This was clearly a significant change the represented the pressure of the lower classes. In fact, the revolutionary government took measures that violated the sacred rights of property when it confiscated the estates of the pro-English landowners – the Tories. The estates were then broken up and sold to small farmers. In the process many of the big estates were broken up and something like an agrarian reform was carried out. This, along with independence, was one of the main gains of the Revolution. W.E. Woodward writes:

“The seizable property of the Tories, or loyalists, must have been about one-third of the total property value of the colonies. This is merely an estimate, and it is probably too low. Nearly all Tory property was confiscated, and the Tories were treated with the utmost rigor. Washington called them ‘abominable pests of society,’ and declared they should be treated as traitors. Their confiscated property was usually sold at auction, and it seldom brought more than a small fraction of its current value. The proceeds went into the state treasuries.” (W.E. Woodward, A New American History, p. 166.)

The amounts of land confiscated by the revolutionaries were considerable. The Fairfax estate in Virginia covered six million acres. The Phillipse estate in New York extended for 300 square miles. Sir William Pepperell could ride for 30 miles along the coast of Maine without ever leaving his own land. Yet despite the demand from Britain that the loyalists should be given compensation, not a single cent was ever paid to them:

“Then came the question of compensation to the loyalists whose property was confiscated during the war. The American commissioners declared that the loyalists’ property had been confiscated by the various states, and that Congress had no power to compel the states to make restitution. As a compromise the Americans agreed to include in the treaty a clause which would ‘recommend’ the states to compensate the Tories. It was also agreed that private debts owed to British creditors were still valid. The compensation clause was futile; none of the states paid any attention to it.” (ibid., pp. 211-212.)

The same point is made by other authors:

“Loyalists were tarred and feathered, ridden on rails, flogged, even executed. The term ‘lynch law’ probably originated from the proceedings of one Charles Lynch, a justice of the peace in Virginia, who achieved a certain notoriety for his treatment of Tories.

“In addition to the brutal treatment they received, Tories had their property snatched from them by the newly formed revolutionary governments. Many Tories were forced to seek shelter behind British lines. These actions reflected not only a tradition of social antagonism but also a strong desire among revolutionaries to achieve a united front. By the war’s end, nearly one hundred thousand colonial inhabitants had gone into exile in Canada and England. Their banishment brought profound psychological alienation – ‘a dismal gloom’, reported one unhappy exile from London.” (P.N. Carroll and D.W. Noble, op. cit., pp. 117.)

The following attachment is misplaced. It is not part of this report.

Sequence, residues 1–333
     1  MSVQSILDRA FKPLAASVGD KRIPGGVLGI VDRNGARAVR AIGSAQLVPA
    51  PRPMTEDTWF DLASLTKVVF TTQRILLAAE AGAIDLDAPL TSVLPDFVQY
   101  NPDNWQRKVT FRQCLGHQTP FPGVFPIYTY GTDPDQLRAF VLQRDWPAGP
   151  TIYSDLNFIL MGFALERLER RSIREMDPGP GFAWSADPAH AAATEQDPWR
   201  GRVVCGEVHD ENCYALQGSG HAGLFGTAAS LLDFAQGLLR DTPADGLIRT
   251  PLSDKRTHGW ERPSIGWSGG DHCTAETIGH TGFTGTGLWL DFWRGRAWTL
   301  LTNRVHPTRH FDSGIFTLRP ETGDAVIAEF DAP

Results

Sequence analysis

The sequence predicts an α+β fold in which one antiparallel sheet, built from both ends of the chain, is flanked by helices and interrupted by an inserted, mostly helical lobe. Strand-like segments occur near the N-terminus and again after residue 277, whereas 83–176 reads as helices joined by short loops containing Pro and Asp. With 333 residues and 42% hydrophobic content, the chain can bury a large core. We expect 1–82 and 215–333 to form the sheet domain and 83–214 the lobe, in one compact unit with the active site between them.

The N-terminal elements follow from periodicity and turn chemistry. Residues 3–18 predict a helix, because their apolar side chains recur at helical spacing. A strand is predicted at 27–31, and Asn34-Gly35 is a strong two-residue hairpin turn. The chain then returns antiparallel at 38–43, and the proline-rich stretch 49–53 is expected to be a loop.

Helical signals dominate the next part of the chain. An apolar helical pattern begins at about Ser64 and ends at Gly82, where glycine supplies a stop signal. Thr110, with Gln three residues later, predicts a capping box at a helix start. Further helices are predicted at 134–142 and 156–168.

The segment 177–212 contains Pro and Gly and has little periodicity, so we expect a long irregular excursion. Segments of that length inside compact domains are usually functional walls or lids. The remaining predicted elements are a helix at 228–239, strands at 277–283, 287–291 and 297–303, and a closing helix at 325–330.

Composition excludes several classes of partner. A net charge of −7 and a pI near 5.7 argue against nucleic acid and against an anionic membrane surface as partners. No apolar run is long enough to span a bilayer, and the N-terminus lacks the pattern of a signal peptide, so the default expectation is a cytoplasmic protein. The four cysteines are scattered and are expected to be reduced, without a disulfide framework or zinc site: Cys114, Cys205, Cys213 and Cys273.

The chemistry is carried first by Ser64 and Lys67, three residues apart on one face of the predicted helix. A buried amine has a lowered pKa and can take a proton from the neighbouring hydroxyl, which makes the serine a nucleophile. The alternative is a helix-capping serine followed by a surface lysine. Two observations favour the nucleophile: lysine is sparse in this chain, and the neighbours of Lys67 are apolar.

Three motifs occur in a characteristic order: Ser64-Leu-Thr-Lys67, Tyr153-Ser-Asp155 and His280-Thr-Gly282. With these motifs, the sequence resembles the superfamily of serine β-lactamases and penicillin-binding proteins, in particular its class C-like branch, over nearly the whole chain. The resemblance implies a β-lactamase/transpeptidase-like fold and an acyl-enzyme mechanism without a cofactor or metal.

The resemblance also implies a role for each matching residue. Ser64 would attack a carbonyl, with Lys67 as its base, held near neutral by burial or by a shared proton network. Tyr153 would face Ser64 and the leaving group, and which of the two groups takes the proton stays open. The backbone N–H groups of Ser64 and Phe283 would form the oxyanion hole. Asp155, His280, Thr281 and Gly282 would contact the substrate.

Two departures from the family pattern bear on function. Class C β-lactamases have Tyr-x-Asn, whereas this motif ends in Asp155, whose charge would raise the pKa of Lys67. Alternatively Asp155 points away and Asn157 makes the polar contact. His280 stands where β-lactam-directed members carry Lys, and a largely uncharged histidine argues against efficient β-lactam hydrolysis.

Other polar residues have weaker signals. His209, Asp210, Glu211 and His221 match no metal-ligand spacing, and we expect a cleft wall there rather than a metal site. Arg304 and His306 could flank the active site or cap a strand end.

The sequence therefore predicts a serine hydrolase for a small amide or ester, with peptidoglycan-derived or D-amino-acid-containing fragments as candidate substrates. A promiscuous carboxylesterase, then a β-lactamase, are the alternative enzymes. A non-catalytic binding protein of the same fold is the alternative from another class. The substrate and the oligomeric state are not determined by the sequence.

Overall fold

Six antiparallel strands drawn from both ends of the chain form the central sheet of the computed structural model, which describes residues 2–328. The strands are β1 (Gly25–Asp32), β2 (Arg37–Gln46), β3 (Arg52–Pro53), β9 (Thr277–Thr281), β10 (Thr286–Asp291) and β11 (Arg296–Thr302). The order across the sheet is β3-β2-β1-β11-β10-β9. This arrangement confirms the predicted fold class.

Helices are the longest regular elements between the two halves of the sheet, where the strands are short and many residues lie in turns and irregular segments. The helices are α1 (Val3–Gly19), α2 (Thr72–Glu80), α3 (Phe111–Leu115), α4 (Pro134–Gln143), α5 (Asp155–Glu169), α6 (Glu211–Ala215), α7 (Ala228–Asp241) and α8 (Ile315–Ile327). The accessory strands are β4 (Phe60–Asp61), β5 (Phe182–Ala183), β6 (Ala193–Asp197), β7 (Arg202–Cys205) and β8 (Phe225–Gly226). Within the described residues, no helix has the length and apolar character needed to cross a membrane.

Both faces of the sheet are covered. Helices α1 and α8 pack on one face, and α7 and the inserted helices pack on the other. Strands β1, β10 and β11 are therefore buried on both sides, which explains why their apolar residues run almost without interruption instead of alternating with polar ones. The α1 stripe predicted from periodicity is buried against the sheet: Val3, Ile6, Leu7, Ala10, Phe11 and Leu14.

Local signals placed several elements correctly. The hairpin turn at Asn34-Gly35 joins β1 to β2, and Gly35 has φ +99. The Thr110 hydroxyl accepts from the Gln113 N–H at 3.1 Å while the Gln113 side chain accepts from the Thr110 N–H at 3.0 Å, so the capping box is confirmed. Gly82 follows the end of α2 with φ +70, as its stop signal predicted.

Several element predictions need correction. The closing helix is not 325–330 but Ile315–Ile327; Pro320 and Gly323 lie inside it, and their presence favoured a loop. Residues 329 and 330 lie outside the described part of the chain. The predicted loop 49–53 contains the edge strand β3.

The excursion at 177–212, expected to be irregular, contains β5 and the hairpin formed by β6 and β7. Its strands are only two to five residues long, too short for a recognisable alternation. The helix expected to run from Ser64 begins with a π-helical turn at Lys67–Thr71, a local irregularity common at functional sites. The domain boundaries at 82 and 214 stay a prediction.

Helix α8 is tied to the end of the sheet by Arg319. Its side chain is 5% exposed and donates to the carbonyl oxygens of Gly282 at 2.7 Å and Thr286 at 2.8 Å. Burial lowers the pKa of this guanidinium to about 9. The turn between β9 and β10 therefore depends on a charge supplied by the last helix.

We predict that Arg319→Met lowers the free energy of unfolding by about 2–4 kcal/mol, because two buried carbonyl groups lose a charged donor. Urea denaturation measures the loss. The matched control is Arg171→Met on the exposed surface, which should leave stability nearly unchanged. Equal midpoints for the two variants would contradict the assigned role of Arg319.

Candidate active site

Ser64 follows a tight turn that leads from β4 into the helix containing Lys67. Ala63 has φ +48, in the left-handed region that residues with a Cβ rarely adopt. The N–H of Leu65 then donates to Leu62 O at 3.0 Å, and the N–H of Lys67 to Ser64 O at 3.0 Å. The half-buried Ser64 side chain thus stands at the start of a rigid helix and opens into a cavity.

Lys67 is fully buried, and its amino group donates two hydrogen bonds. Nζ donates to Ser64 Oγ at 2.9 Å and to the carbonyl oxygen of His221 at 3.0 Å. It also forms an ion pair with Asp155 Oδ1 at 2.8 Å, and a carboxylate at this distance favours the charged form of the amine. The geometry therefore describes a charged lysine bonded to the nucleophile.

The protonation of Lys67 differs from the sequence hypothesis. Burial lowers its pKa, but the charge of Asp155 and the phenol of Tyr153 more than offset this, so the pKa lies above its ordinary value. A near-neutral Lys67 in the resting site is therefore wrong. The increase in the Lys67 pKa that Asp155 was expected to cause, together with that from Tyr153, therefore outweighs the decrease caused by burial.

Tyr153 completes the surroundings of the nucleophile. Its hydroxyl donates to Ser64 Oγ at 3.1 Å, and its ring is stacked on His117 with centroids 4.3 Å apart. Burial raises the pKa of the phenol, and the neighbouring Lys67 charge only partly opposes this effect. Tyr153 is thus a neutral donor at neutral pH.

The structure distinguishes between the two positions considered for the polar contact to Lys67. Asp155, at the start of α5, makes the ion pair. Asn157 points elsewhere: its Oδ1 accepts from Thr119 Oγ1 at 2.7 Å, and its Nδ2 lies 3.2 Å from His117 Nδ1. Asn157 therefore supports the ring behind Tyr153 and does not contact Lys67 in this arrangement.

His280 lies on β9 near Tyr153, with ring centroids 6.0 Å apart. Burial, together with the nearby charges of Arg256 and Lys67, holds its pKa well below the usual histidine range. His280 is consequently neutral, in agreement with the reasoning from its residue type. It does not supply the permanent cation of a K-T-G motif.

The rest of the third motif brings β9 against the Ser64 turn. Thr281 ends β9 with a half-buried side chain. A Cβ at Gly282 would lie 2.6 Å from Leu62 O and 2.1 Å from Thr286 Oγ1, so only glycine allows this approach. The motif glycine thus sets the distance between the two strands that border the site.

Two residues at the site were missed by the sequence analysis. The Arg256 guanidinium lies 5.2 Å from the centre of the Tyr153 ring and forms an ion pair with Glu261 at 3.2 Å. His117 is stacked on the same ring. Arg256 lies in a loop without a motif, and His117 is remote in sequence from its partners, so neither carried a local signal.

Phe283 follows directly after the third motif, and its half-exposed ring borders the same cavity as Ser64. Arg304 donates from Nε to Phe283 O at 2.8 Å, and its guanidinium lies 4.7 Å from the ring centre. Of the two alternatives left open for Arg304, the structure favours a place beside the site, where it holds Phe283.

George Washington Restores ‘Order’

The main concern of Congress was to keep control of the movement and limit its scope. On June 15th, 1775, three days before the Battle of Bunker Hill, the Continental Congress assumed control of the militia that was besieging Boston as well as all the other men under arms in the colonies. Colonel George Washington, a rich landowner, was promoted to the rank of general and made commander-in-chief. This choice was no accident. The gentlemen in Congress needed an aristocrat as a guarantee against the “mob” in Boston. Discipline was to be restored. Order was to prevail. The wealthy property owners in Congress were more frightened by their own supporters than of the British army.

Washington must have been shocked at what he saw in camp. As befits a revolutionary army, there was an egalitarian spirit and a marked lack of rank. Ordinary soldiers spoke to their officers on familiar terms. They did not bother to shave and talked in the ranks. Men could come and go as they pleased. Washington soon sorted that out. He introduced courts martial. Lieutenant Whitney was convicted of “infamous conduct in degrading himself by voluntarily doing the work of an orderly sergeant.”

Did these methods give better results? Actually, they did not. The men that Washington criticized so bitterly were the same American militiamen who had inflicted a terrible defeat on the British army at Bunker Hill – a defeat so resounding that after it the redcoats stayed under cover for nine months. The American troops never achieved such a result anywhere else, despite all Washington’s discipline and courts martial.

George Washington was in fact a very mediocre figure. His role in the American Revolution has been greatly exaggerated, while the role of real revolutionaries like Sam Adams has been played down. “Discipline is the soul of an army” was one of Washington’s favorite maxims. True – but the discipline of a revolutionary army is not the same as the discipline of any other army. Broadly speaking, every army reproduces the structures and is motivated by the spirit of the society that produced it. The army of a democracy will not be the same as the army of a fascist regime. The army of a class society needs a ferocious discipline – a reign of terror in fact – because it is maintained by force.